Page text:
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Strand standing tall for Rebels

His birth certificate told Austin Strand that his dreams of one day playing for pay would possibly evaporate if he wasn’t in the Western Hockey League this season. The 17-year-old defenceman showed up at the Red Deer Rebels training camp in August coming off an industrious summer of training and determined to earn full time employment with the team that selected him in the third round of the 2012 bantam draft.

His birth certificate told Austin Strand that his dreams of one day playing for pay would possibly evaporate if he wasn’t in the Western Hockey League this season.

The 17-year-old defenceman showed up at the Red Deer Rebels training camp in August coming off an industrious summer of training and determined to earn full time employment with the team that selected him in the third round of the 2012 bantam draft.

He not only nailed down a berth on the Rebels blueline, he’s already a reliable defender.

“I’ve been feeling a lot more confident as the season has gone along,” the Calgary product said Monday. “The first couple of games I wasn’t so confident, I was a little shaky.

“But right now I’m paired with Brett (Cote) and we’ve developed some good chemistry.”

The six-foot-three, 193-pound rookie rearguard, who will take his usual spot on the blueline when the Rebels host the Medicine Hat Tigers tonight, was thought to have a shot at making the club last year, but came up short.

“This year I trained a lot harder in the summer, I kind of knew in the back of my head that this was my NHL draft year,” said Strand. “I realized that this would be my year to get noticed by NHL scouts. I knew this would be the year I’d have to push for it and go hard.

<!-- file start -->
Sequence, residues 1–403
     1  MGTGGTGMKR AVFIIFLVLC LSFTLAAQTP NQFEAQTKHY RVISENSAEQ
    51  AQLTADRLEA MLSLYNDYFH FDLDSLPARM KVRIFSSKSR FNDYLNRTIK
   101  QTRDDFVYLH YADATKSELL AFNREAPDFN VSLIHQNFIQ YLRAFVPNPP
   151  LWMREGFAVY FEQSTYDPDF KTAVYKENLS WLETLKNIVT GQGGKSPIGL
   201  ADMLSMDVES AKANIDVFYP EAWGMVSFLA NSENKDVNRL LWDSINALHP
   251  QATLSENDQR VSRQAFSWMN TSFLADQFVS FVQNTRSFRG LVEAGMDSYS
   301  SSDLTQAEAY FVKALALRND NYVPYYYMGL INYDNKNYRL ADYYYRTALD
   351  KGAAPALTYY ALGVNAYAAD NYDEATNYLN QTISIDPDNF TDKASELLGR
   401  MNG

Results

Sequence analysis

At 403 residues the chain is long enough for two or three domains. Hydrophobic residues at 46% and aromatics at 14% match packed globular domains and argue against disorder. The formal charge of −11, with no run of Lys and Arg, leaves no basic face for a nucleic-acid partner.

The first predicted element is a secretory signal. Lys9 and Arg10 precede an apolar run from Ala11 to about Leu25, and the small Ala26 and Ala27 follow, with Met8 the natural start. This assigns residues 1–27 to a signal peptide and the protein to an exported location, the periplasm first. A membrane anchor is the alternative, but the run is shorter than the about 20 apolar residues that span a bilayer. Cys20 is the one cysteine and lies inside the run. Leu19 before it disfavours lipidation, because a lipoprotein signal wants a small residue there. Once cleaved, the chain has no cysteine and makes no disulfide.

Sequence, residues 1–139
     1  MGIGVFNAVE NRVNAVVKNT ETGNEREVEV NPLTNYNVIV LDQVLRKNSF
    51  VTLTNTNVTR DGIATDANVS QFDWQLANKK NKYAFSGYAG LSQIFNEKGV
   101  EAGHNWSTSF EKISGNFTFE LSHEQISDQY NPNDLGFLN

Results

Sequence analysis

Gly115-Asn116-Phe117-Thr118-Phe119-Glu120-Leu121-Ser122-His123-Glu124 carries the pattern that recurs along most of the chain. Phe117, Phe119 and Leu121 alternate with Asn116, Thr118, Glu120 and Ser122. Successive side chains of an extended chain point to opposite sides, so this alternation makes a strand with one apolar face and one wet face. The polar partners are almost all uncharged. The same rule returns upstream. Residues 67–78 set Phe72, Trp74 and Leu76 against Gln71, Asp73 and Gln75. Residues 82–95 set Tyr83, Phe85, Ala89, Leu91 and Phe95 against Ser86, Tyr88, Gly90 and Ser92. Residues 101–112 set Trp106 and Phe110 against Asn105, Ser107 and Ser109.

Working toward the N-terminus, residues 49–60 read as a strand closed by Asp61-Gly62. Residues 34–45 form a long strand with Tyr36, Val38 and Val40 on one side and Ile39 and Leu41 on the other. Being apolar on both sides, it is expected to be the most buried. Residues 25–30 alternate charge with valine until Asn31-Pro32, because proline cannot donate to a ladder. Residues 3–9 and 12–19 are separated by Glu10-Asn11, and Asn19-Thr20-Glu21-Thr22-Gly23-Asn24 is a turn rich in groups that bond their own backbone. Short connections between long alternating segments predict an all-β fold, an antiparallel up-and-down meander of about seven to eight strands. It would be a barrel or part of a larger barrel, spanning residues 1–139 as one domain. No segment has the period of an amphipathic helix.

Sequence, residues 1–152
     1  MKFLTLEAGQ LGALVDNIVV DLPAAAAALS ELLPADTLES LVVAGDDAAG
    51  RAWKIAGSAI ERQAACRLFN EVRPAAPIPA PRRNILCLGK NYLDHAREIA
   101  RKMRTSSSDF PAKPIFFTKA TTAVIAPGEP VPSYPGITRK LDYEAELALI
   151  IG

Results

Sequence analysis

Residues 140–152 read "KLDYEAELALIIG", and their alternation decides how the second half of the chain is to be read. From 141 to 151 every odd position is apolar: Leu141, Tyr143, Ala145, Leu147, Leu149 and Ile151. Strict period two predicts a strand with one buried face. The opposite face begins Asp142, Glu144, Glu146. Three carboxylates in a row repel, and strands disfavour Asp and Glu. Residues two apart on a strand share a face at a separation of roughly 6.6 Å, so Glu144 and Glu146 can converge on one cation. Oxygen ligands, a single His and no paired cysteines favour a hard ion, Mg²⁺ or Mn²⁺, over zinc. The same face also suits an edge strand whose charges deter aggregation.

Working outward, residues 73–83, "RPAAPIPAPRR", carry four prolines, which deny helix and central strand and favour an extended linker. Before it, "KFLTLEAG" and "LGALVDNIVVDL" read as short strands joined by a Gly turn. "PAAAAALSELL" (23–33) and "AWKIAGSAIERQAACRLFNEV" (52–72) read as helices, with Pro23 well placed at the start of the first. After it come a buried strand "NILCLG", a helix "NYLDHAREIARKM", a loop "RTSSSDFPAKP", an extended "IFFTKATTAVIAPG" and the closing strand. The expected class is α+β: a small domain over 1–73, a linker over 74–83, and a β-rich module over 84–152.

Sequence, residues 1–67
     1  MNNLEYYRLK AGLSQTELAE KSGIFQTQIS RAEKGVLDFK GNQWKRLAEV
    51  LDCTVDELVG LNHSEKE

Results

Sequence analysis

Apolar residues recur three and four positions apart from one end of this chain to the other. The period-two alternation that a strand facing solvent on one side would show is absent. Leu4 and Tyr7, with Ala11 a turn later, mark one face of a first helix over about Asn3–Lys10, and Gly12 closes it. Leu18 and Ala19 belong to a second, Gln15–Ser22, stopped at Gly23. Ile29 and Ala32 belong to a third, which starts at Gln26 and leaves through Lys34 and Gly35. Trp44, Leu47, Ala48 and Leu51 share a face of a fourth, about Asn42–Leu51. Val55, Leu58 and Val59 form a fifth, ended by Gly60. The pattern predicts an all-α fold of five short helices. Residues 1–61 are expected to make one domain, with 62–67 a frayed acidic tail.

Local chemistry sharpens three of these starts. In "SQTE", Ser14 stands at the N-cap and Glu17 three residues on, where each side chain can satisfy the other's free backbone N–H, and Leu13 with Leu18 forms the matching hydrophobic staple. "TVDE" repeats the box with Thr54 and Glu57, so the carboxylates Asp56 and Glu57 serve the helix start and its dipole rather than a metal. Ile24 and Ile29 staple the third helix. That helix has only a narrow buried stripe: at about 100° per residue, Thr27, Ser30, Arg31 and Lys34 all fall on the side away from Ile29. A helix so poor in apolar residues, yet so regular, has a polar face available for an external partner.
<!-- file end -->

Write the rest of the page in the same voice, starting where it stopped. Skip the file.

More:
“I worked out at Crash Conditioning in Calgary. The program consisted of mostly hockey workouts. The guys there work with a lot of WHL and NHL players.”

Strand scored his first-ever WHL goal Oct. 14 when his wrist shot from the point evaded a screened Victoria Royals netminder Evan Smith during the third period of a 6-5 home-ice overtime loss.

“That was unreal. I’d been waiting for that goal, although I didn’t think it would come that soon in the season,” said Strand. “It was just a shot from the point, but it went in and I was really excited.”

Strand is exhibiting signs that he can be an effective two-way defenceman with the capability of making an accurate first pass and creating offensive opportunities.

“In the past few games I’ve had a few offensive chances from the blueline and even from jumping up into the play as the weakside D-man,” he said. “That part of my game will improve as I gain more confidence.”

Rebels associate coach Jeff Truitt has been inspired by Strand’s development.

“In the first month that he was here there was a lot of instruction and some video work that he had to see,” said Truitt. “He’s taken in a lot of information and has had to make some changes to his game to adapt to the play at the WHL level.

“But he’s done an outstanding job. He’s really been a guy who has absorbed the information and just taken it to another level. His game is growing, and although there are still some things we obviously have to work on with him, he’s taken some great strides and that’s a credit to him.”

• Rebels captain Conner Bleackley enjoyed a prosperous weekend with one goal and five assists in two Red Deer victories and on Monday was rewarded for his efforts.

“We played a solid 120 minutes of hockey here,” said Bleackley, who was named the WHL Denny’s player of the week.

Bleackley’s weekend output raised his season points total to 12 (3g,9a), a timely surge considering he had struggled somewhat for most of his first nine games.

“The team had a slow start and with that were individual performances as well, so it was good to get a week off last week,” he said.

“Everyone kind of reset and refocused and we played well on the weekend. Now we have a big road trip coming up and a huge game tomorrow leading into that.”

The Rebels open a six-game road trip Friday against the Kootenay Ice. Red Deer then heads across the Canada-U.S. border for games at Spokane, Seattle, Everett, Portland and Kennewick, Wash.

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